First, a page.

Poems: Dawn Robinson

Illo for Dawn Robinson's poems.

a magical upbringing

I turned into money, once
I left my skin for a while behind the bank
it felt good to turn into money and be passed by the hands of people
who could not buy better health to people who had lost everything

when the busiest section of town got closed off for a cultural event
I hung mumly as four plantains

a tiny boy who had no idea what snakes actually felt like stood under me, his mind
preoccupied with zombies, anacondas and French high-heels in
the department store window
I knew this because I once thought I was a boy and tried to dress
like one yet I hadn’t the build to sustain any turf wars
I hadn’t a moustache, the one I drew on fled my face with a flock
of wrens who laughed, tried it on
among gargoyles at the old church tower

with my yellow arms I reached down to the boy he called me mother.
I carried him in my yellow arms and said yes I must be your mother.

and not a bundle of plantains nor an old skin behind the bank

we went away
together, grew up a well adjusted boy

foster care

her vagina blazing in the black night she called a string of names after me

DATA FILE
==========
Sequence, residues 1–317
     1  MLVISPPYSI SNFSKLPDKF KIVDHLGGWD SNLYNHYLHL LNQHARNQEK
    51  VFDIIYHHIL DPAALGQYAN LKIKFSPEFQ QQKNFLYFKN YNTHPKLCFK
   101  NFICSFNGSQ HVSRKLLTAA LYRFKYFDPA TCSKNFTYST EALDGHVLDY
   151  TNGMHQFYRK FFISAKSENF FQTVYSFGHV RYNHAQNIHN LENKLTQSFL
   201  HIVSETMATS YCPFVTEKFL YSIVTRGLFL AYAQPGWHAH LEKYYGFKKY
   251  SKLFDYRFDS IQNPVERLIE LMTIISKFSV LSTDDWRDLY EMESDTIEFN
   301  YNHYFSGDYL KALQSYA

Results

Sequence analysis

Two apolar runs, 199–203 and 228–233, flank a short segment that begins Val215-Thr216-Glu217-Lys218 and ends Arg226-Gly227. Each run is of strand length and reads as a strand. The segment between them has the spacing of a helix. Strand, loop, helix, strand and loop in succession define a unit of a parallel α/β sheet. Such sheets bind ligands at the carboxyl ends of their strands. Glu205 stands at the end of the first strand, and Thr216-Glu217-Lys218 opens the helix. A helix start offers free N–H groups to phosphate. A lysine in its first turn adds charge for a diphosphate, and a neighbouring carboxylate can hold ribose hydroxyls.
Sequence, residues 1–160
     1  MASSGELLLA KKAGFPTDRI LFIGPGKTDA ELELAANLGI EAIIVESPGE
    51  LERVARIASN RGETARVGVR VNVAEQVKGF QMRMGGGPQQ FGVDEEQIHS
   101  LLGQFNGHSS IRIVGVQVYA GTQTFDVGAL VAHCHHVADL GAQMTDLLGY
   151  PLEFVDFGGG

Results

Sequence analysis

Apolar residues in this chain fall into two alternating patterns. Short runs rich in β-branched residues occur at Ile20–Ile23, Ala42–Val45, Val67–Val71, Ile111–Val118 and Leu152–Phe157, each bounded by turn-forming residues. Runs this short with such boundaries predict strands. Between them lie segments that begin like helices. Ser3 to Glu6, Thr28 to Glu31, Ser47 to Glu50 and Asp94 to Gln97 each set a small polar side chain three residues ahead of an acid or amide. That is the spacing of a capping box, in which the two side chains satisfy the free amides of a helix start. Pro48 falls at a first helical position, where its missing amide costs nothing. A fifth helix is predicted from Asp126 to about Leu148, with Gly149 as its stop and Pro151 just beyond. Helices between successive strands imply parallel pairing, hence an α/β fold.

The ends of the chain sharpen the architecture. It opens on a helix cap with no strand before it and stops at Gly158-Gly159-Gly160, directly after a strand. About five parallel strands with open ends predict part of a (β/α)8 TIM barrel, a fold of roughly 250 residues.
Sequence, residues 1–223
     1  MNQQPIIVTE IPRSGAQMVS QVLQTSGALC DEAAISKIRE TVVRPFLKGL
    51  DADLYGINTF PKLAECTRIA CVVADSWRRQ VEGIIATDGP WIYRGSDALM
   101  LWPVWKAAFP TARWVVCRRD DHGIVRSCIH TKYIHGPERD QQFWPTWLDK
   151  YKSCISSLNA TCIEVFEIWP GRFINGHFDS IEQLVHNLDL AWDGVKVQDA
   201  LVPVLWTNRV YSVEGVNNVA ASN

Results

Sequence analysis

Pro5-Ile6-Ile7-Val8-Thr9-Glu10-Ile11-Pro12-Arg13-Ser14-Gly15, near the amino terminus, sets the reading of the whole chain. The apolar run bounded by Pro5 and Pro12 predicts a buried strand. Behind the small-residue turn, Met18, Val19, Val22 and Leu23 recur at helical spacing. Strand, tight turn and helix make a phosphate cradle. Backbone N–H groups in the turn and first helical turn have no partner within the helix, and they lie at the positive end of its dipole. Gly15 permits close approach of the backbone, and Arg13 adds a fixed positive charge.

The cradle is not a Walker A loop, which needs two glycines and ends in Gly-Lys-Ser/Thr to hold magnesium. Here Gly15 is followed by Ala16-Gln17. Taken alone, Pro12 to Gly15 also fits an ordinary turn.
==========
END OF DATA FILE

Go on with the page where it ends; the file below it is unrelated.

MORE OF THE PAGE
none of which I remembered having been just born a telephone line ran
between us
the headset she wore was futuristic the switchboard for messages
required names. My names traveled earnestly down the wire until they became curses
they were sure-footed
and ate scraps from the street garbage
once they were embroidered on a light green sweater

files were made for these names later, specialists in the field of
the given file had access to the names called out that night, passed down the wire
once a lady with red hair came from the social services department and she knew
my real name and she told it to two round, brown sweet smelling people
who put my name in their garden, a rose grew
Dawn Robinson hopes to be a better person each day, in California to start with.

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